I honestly thought the 2020–2021 school year would be where we saw the most significant teacher and sub shortages. Maybe they would extend into 2021–2022. But certainly by this year, things would have straightened out, right?
New me laughs at old me.
In many schools across the country, teachers are left to struggle with coverage issues. Sometimes teachers are out with illness (a principal in our Principal Life Facebook group reported 20% of his staff was out with COVID). Some schools still have unfilled positions due to the teacher shortage. And on top of this, it’s harder than ever to hire subs.
Here’s what teachers in our Teacher Helpline Facebook group said their schools have done to alleviate coverage issues.
1. Administration stepping up to help
“Administration should cover before teachers have to give up planning time.”
ASCD puts administration helping out as the very first item on their checklist for schools to address a substitute shortage. I know that principals and assistant principals have their own laundry list of responsibilities and can’t be in classrooms all day, but even a rotational system would demonstrate a culture of collective responsibility.
A note here: Even though a lot of schools are taking an “all hands on deck” approach, I think it’s important, for legal reasons, to avoid putting uncertified professionals of any kind in classes to cover kids unless it’s an absolute emergency. Because principals and assistant principals have experience teaching and their role is to support teachers and learning, it makes the most sense to utilize their training and experience before using other school staff who don’t have that background.
2. Paying teachers who opt in
“Our teachers get their hourly rate to cover a class, and they’re able to say no. Many do it for the extra money. If no teachers are available, admin covers, but we can’t have all admin covering in case there is an emergency.”
3. Getting parents and community members to help
“Parents as emergency subs (emergency sub cert and half day in primary band intermediate, each sort of watching a class in action) has been how we mostly survived last year!”
I Palo Alto’s response to their substitute and teacher shortage. Not every community has the resources and workday flexibility that parents in Palo Alto have. But so many districts could benefit from the approach of reaching out to the community to be a part of what’s happening in their schools.
4. Utilizing students in college education programs to sub
As this Edweek article discusses, certifying students in teacher-preparation programs could benefit everyone. College students get valuable experience teaching on their own, students get highly qualified substitutes, and teachers get more flexibility in taking time off to take care of themselves and their families. The rare win-win-win. This would make it especially easy for a student teacher to step in when their supervising teacher is absent.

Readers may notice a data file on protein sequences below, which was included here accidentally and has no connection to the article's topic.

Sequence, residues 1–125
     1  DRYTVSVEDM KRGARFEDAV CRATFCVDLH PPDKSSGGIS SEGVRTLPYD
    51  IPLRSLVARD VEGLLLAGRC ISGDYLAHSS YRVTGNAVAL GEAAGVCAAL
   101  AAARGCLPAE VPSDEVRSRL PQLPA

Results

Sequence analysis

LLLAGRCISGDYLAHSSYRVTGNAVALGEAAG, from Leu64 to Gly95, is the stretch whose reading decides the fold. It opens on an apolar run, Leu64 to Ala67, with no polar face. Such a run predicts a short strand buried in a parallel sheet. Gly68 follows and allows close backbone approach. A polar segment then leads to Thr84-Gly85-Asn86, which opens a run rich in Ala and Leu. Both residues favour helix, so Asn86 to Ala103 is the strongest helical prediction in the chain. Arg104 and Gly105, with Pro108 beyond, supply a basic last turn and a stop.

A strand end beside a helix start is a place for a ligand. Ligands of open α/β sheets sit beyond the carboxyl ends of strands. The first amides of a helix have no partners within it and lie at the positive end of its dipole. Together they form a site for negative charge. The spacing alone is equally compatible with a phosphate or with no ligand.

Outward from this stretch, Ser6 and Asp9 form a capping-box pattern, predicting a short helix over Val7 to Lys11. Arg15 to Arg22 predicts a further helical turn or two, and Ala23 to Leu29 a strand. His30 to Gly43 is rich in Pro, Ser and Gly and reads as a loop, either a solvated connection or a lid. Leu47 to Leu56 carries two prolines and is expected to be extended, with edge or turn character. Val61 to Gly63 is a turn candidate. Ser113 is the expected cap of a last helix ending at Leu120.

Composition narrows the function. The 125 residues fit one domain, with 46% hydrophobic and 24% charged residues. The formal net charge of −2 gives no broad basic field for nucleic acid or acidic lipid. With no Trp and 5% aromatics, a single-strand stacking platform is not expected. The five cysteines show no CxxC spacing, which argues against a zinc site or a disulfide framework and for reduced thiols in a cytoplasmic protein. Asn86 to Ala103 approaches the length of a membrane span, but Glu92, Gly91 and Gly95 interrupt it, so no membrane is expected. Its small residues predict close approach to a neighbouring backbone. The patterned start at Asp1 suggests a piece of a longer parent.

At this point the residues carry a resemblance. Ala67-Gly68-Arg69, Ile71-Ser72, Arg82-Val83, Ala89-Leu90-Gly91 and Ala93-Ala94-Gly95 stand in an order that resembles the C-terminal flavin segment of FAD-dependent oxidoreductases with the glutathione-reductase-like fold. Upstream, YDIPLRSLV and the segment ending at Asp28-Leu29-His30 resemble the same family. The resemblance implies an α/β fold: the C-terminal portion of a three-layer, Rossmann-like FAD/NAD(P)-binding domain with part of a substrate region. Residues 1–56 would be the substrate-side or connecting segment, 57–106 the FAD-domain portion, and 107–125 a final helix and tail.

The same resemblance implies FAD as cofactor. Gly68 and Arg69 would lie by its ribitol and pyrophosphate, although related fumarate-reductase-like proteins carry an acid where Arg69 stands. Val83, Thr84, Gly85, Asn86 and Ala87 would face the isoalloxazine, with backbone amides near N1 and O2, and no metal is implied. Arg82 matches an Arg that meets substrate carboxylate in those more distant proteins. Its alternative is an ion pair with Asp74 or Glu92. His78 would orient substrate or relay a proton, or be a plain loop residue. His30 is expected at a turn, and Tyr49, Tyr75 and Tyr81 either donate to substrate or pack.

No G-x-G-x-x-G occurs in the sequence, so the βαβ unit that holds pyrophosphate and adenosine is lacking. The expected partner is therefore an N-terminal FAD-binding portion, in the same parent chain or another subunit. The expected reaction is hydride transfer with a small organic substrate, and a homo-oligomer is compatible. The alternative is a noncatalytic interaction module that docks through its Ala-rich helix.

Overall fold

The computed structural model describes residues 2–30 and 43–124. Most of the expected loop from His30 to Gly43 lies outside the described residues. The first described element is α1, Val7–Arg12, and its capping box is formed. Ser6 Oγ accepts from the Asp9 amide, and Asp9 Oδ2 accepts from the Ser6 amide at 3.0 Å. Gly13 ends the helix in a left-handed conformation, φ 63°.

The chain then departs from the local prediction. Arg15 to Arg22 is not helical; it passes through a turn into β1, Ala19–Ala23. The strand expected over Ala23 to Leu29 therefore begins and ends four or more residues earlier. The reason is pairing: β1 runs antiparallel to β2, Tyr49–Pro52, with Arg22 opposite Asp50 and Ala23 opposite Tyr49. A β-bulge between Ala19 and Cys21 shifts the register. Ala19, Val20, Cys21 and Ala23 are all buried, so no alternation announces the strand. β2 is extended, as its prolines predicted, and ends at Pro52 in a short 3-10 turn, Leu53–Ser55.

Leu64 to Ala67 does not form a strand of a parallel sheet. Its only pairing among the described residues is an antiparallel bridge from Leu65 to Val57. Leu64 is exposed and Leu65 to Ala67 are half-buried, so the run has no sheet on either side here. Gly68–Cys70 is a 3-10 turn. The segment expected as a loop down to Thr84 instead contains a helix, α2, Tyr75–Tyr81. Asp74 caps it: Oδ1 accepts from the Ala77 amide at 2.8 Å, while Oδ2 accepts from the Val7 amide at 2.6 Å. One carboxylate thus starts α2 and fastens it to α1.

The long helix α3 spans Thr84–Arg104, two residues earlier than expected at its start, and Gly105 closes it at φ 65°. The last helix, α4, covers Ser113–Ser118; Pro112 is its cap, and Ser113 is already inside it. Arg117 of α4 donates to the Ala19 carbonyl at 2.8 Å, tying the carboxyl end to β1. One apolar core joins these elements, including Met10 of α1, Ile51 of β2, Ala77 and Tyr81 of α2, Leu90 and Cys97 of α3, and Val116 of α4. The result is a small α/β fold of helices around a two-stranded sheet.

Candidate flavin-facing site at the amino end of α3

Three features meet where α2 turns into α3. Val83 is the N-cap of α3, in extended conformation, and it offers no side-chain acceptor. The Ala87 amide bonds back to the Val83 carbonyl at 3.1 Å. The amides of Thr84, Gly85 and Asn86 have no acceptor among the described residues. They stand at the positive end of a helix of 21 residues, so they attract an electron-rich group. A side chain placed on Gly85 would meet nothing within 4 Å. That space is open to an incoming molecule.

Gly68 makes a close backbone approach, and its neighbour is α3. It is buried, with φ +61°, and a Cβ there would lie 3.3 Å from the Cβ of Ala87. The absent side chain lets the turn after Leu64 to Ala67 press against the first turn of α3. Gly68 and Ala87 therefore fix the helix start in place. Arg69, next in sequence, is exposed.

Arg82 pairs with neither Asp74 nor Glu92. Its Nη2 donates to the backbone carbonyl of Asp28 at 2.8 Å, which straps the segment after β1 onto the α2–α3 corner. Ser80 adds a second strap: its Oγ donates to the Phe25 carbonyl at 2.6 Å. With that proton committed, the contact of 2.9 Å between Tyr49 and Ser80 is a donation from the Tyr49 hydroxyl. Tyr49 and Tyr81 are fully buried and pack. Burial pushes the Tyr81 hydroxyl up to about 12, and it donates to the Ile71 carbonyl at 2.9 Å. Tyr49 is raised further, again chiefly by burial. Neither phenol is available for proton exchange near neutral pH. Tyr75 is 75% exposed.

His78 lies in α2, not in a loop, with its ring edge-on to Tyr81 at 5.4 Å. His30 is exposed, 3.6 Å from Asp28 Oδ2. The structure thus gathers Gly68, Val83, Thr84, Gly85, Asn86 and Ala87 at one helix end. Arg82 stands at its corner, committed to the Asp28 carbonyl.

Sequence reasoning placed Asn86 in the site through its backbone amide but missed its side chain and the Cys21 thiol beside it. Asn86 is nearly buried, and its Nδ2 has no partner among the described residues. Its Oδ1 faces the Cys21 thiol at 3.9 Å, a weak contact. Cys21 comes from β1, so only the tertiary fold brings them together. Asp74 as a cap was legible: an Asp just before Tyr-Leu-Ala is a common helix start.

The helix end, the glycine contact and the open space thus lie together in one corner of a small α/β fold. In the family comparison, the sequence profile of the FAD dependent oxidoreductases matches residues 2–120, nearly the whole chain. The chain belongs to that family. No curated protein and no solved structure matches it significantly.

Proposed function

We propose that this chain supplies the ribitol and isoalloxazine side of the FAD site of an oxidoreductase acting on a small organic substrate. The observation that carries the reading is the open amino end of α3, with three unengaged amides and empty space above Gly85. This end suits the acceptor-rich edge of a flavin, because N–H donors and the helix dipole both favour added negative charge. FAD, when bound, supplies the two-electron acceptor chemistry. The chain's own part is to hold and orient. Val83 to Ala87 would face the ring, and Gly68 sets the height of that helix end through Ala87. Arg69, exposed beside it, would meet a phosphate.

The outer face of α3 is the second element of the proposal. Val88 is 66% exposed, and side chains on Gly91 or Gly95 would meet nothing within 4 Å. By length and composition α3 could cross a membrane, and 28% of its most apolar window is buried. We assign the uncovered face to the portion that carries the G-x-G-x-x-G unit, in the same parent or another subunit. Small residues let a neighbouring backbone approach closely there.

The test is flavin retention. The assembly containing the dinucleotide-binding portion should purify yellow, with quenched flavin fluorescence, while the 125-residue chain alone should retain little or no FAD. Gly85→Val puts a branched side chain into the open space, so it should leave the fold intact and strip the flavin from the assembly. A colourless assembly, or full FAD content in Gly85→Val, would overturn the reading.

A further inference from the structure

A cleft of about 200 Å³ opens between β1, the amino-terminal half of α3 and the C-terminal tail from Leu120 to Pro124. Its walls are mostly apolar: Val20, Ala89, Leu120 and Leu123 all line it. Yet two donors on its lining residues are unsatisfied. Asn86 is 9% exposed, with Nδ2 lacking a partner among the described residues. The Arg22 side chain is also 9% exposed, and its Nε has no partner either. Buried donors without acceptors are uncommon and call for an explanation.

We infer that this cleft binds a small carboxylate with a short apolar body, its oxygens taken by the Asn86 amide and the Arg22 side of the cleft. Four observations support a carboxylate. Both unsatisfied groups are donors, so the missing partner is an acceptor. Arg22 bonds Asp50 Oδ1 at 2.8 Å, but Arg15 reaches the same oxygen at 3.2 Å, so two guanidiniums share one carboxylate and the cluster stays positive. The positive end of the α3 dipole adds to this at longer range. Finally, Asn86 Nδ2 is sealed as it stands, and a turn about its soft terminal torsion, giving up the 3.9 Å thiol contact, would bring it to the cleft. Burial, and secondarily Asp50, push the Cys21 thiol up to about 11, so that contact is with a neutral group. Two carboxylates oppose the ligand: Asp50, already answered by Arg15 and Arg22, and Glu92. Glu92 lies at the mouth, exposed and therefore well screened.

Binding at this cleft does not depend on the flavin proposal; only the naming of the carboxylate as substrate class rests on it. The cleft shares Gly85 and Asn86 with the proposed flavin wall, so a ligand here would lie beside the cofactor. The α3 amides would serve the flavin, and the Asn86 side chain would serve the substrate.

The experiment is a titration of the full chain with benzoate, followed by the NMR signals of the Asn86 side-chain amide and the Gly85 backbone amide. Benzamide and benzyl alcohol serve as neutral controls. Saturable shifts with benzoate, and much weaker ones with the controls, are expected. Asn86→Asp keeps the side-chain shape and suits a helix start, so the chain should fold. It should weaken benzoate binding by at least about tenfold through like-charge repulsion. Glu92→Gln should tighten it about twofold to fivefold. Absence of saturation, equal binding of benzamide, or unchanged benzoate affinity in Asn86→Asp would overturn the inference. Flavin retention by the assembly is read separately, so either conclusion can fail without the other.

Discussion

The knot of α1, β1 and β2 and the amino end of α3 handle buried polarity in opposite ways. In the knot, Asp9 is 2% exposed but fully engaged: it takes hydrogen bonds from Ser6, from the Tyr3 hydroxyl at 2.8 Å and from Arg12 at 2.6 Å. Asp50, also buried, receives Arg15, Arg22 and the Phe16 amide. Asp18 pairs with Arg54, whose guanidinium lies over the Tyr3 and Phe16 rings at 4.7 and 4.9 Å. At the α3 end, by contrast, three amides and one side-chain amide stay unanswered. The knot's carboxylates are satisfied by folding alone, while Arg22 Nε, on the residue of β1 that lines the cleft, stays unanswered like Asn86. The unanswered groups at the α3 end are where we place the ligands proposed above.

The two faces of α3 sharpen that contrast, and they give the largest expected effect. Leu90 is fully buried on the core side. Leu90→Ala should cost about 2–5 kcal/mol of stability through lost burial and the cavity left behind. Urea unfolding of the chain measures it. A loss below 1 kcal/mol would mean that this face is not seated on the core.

5. Increasing sub pay
“My district increased sub pay. We are paying subs the most in my area, so, luckily, we’ve been doing OK. Teachers still get asked to cover but we can say no, and we get paid if we do decide to take the class during our prep period.”
6. Offering a “half class” option to protect at least part of planning time
“Having a block schedule helps because there are more people on prep when there are only 4 blocks a day. We do get paid to sub and only have to fill in half the block (about 45 minutes) so we still should get half our prep, though if we’re able to sub the whole thing, we can choose to to get paid for the full block.”
7. Creating a rotating system of who’s chosen to cover
“In my schools there is a rotation per period. So hopefully the same person doesn’t lose it each day.”
(I think she meant “lose it” as in losing the planning period, but I think it also applies in the stress sense.)
8. Making big changes to the school week
“Four-day school week.”
Check out the pros and cons to four-day school weeks here.
9. Behold the Flexible Friday
This Edsurge article outlines an excellent idea of using Fridays as flex time. They can be used for giving teachers time off, planning time, half days, online tutorials, or whatever else a school needs.
10. Consider lowering requirements for substitutes for non-classroom roles
Some schools are using parent volunteers and high school graduates to step in and give time back to teachers. These “subs” can do things like monitor the lunchroom, supervise car pickup duty, and do other tasks that take some of the weight off the teacher workload. (And while yes, many states are allowing anyone with a high school degree to substitute teach, I don’t feel great about an 18-year-old being the substitute teacher in a class of … 18-year-olds.)
I think it’s important to note here that it’s on administration to tackle how to alleviate coverage issues. Teachers can’t make changes to the master schedule. Teachers can’t create a teacher rotation system or make payments for coverage. That’s on leadership.
Principals, we know the last few years have been the hardest of your career too. If you don’t have money in the budget for some of these solutions, covering classes yourself or arranging a rotational system will go a long way for your teachers and for the culture of your school.
Do you have a creative way to mitigate coverage issues in schools? Let us know in the comments!
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